English   español  
Por favor, use este identificador para citar o enlazar a este item: http://hdl.handle.net/10261/122987
COMPARTIR / IMPACTO:
Estadísticas
logo share SHARE logo core CORE   Add this article to your Mendeley library MendeleyBASE

Visualizar otros formatos: MARC | Dublin Core | RDF | ORE | MODS | METS | DIDL
Exportar a otros formatos:
Título

Chemosensory assessment of rival body size is based on chemosignal concentration in male Spanish terrapins

AutorIbáñez Ricomá, Alejandro; Marzal, Alfonso; López Martínez, Pilar ; Martín Rueda, José
Fecha de publicación13-sep-2014
EditorSpringer
CitaciónBehavioral Ecology and Sociobiology 68(12): 2005-2012 (2014)
Resumen© 2014, Springer-Verlag Berlin Heidelberg. Assessment of the fighting ability of potential opponents is an essential skill to minimize the costs of agonistic interactions between males. Previous research showed that chemical cues released in the water by male turtles may convey information about body size, which is important for intrasexual competition. However, the mechanistic basis of such chemical signaling of body size remains poorly understood. Here, we aimed to experimentally examine whether the release of chemosignals is quantitatively or qualitatively dependent on body size in male Spanish terrapins Mauremys leprosa. We compared the time that turtles spent in a pool with clean water versus water containing chemical stimuli of conspecific males of different body sizes at two different concentrations (“diluted” or “undiluted”). Male terrapins avoided water with chemicals secreted by relatively larger males when these chemicals were undiluted, but not after the chemical stimuli were diluted. In contrast, male terrapins did not avoid chemicals of relatively smaller males in any treatment. Thus, male M. leprosa may assess the size of their rivals on the basis of the concentration or the amounts of their chemical cues released into the water and consequently avoid occupying these ponds with higher concentrations of chemicals. This study gives important hints about the mechanism of chemical signaling in freshwater turtles and demonstrates that male turtles may discriminate different concentrations of chemosignals of conspecifics and modify their behavior accordingly. Likewise, our results support the notion that relative body size is a key factor during male interactions in Spanish terrapins.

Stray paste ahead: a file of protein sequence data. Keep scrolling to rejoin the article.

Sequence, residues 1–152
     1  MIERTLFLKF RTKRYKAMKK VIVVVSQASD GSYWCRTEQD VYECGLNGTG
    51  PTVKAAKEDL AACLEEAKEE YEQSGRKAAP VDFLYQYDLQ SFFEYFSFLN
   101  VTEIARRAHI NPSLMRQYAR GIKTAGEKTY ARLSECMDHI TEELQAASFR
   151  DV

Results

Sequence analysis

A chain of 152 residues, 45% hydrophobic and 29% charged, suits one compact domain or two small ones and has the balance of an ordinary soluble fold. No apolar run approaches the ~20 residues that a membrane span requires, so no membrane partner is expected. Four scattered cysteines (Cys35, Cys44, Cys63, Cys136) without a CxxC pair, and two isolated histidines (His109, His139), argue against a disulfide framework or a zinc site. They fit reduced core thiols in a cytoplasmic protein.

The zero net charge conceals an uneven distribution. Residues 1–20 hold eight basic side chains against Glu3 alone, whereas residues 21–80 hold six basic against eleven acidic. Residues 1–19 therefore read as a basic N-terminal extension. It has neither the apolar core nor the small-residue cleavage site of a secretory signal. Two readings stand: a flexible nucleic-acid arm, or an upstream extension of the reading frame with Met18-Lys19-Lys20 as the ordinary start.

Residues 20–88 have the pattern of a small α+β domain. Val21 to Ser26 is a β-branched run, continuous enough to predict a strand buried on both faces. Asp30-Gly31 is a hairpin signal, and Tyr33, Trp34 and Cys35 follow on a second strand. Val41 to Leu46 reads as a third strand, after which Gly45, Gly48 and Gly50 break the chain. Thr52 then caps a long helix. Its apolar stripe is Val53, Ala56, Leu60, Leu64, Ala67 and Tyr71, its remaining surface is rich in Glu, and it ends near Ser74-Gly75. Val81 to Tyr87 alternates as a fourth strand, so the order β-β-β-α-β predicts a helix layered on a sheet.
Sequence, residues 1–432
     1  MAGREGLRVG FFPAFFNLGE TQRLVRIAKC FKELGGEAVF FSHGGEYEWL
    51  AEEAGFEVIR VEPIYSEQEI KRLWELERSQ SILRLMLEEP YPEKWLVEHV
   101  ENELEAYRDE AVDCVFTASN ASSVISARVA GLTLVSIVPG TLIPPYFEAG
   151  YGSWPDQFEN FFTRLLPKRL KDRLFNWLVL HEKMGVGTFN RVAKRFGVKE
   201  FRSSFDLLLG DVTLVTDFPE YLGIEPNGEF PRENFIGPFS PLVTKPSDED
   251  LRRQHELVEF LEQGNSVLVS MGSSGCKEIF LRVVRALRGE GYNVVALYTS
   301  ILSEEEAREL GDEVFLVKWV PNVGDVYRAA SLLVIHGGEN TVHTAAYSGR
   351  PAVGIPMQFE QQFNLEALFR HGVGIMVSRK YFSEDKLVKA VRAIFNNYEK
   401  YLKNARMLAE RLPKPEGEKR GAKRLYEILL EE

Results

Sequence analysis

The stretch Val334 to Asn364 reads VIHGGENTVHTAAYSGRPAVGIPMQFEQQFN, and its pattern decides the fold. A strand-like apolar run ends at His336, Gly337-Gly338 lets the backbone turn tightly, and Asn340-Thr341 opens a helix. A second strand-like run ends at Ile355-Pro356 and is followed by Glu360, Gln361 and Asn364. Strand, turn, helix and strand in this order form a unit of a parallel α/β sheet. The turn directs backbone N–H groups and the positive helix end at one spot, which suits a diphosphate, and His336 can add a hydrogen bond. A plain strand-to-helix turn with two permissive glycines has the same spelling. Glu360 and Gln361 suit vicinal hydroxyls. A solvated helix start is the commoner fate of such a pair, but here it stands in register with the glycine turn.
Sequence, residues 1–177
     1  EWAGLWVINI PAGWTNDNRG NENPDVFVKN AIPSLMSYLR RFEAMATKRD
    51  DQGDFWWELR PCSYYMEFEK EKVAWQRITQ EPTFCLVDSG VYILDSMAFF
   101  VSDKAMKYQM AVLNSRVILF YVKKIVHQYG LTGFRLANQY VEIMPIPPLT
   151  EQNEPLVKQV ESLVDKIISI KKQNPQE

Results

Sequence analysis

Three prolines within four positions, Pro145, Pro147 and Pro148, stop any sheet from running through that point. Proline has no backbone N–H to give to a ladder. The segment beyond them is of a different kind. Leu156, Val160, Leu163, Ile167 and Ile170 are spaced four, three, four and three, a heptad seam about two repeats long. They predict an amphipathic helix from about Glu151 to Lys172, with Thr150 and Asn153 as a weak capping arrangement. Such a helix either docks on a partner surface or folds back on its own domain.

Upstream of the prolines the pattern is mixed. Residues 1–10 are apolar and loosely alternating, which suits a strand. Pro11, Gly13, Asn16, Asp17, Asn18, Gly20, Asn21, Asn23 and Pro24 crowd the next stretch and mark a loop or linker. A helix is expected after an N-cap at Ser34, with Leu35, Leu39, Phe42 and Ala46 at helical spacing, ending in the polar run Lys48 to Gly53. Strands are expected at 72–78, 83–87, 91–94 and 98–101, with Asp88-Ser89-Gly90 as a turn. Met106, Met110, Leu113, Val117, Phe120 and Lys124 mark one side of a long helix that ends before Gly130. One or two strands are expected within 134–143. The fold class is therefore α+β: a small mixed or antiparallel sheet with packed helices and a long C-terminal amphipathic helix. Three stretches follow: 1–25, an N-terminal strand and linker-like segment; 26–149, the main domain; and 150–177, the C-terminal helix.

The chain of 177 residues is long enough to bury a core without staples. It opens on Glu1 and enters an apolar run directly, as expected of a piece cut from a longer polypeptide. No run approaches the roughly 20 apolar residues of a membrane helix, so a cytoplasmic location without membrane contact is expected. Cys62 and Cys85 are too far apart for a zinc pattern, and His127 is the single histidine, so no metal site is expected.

URIhttp://hdl.handle.net/10261/122987
DOI10.1007/s00265-014-1806-8
Identificadoresdoi: 10.1007/s00265-014-1806-8
issn: 0340-5443
e-issn: 1432-0762
Aparece en las colecciones: (MNCN) Artículos
Ficheros en este ítem:
Fichero Descripción Tamaño Formato  
accesoRestringido.pdf15,38 kBAdobe PDFVista previa
Visualizar/Abrir
Mostrar el registro completo
 


NOTA: Los ítems de Digital.CSIC están protegidos por copyright, con todos los derechos reservados, a menos que se indique lo contrario.